Iraq: Disabled and displaced

Rusul, a seven-year-old girl from Ramadi, has been paralyzed since shortly after birth owing to faulty surgery. The intervention, near her spine, failed to cure a serious skin infection and instead left her without feeling.

"It is very hard to move her left or right," said Abu Rusul, who had adopted Rusul following the loss of both of the baby girl's biological parents. After the two had fled to a makeshift displacement camp in Amiriyat Al-Fallujah, it was very difficult for Rusul to receive physical rehabilitation or other treatment. "I have done everything I can to provide her with the treatment she needs, but it is very expensive," Abu Rusul commented.

Offers of help from the ICRC

ICRC staff met Rusul during an assessment visit to camps in the area. Rusul would not talk, but her eyes conveyed the bodily pain that she was experiencing. Despite the outward silence, there was a loud internal cry for help.

"Tell me something," pleaded Amro Ibrahim, the ICRC staff member who had first come across Rusul in Anbar. "Say anything!" he tried again; but Rusul would not utter a word. Abu Rusul shrugged and indicated that Rusul's passivity was longstanding.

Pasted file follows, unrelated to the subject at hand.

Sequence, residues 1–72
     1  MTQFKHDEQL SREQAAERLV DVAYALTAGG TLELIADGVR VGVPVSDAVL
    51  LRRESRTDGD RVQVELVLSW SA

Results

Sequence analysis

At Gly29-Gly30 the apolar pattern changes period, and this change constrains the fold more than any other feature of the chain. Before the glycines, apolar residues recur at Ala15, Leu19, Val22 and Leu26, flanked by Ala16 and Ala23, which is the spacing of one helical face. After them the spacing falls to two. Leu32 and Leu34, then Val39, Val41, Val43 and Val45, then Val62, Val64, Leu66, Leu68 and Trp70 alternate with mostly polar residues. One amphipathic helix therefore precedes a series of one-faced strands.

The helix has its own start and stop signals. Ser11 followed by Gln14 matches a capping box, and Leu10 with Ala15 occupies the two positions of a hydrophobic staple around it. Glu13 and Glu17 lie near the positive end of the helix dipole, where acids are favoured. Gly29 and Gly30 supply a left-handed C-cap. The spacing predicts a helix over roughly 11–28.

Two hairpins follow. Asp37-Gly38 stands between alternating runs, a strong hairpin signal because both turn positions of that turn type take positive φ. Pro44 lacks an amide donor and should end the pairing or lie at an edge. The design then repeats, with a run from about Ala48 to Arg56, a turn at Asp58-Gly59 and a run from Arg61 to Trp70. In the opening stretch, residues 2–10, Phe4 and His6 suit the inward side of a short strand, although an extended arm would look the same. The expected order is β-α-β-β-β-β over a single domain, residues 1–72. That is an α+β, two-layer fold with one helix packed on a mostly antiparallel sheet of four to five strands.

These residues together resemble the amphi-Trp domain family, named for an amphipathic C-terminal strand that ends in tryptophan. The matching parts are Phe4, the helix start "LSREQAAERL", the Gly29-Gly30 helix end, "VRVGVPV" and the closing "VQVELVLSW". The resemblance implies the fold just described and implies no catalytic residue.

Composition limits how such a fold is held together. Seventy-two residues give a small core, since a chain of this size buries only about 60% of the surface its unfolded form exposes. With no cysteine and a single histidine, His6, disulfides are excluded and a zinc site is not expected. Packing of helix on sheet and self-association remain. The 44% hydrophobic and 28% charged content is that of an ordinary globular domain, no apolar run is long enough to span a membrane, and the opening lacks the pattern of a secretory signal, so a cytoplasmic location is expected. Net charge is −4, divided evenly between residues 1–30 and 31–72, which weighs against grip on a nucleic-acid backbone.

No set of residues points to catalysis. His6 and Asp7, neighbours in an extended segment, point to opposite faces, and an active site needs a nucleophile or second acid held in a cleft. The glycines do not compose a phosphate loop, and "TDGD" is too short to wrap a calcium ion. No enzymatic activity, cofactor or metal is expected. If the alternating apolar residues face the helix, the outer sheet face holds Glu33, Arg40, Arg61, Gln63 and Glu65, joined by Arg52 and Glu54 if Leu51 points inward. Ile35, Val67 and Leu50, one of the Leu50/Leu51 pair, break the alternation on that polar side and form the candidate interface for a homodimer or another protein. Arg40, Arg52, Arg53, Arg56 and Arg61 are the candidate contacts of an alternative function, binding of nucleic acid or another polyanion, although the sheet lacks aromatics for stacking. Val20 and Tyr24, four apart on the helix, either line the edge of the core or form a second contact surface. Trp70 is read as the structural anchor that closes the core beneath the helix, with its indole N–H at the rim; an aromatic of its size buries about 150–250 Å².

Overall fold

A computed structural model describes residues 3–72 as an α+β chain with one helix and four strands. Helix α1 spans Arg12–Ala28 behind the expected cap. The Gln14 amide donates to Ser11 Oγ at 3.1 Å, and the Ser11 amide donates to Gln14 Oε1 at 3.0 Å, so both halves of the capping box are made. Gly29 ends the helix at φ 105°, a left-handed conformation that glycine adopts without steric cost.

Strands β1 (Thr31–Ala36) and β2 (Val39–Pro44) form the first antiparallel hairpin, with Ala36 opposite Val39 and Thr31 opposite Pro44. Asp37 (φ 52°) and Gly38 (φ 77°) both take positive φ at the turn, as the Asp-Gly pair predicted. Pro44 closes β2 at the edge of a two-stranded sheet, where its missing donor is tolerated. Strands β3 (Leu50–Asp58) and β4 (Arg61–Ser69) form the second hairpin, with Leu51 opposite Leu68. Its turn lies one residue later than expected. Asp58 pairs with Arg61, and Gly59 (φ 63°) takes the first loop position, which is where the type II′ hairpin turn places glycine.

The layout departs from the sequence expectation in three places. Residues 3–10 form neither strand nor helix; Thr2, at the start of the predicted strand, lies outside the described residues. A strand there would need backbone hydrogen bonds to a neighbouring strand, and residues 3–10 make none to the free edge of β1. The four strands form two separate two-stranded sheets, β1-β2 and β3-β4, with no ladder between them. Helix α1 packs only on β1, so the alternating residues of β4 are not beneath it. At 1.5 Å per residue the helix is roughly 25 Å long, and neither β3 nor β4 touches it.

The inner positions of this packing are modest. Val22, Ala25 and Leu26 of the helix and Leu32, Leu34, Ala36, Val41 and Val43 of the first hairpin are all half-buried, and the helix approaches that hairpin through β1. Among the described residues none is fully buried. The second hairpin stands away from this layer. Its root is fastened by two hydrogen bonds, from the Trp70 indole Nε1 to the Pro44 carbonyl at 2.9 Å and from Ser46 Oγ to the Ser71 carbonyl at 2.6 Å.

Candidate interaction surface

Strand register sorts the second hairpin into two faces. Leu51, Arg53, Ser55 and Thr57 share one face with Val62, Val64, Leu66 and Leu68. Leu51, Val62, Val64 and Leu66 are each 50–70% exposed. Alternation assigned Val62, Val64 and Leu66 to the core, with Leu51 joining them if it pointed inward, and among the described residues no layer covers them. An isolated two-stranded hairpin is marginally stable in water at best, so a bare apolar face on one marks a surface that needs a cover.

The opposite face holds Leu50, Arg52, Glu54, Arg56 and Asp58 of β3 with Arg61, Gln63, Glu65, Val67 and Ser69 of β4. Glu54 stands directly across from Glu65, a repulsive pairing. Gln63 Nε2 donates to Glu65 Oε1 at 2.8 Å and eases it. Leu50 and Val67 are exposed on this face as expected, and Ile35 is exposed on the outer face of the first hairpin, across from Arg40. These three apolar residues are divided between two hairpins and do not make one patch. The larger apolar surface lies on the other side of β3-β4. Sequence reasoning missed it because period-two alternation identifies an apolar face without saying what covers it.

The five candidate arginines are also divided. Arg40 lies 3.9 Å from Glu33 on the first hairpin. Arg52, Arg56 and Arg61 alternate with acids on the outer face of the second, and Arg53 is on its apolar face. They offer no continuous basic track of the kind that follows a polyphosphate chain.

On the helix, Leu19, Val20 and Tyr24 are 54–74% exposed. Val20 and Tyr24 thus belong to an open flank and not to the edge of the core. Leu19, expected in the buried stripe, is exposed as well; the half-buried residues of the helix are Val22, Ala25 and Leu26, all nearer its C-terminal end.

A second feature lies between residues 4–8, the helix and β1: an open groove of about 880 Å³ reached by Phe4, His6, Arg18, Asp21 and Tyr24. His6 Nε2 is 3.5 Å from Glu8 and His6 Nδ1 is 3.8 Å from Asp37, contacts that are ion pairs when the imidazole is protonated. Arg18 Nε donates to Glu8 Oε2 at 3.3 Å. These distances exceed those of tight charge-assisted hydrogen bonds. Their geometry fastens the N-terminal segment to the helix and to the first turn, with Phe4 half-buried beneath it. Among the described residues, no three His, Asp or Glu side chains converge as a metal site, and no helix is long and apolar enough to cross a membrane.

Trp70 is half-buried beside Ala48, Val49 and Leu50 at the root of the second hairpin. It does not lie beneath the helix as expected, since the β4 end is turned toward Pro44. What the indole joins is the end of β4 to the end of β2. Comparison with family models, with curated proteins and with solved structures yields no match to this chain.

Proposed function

Weeks later, the ICRC delivered a wheelchair to Rusul, hoping that it would cheer her up a little and help her adoptive father cope with moving her around. Moreover, the ICRC offered to cover the costs of Rusul's treatment at one of the five physical rehabilitation centres that it supports in Baghdad.

An epidemic of silent suffering

There are tens of thousands of Rusuls throughout Iraq today. They live in silent suffering day in and day out. They have been robbed of their childhood by war, politics, and poverty. They do not go to school or play outdoors. They do not wear new clothes on holidays. They do not live in a safe environment. They are highly vulnerable to sexual violence. They do not have clean drinking water. They do not eat proper food so do not develop fully.

So it should not be surprising that Rusul does not say anything. When a child is deprived of so much, why should she feel like laughing, or even talking?

The displacement camp in Amiriyat Al-Fallujah, where Rusul is living.  / CC BY-NC-ND/ICRC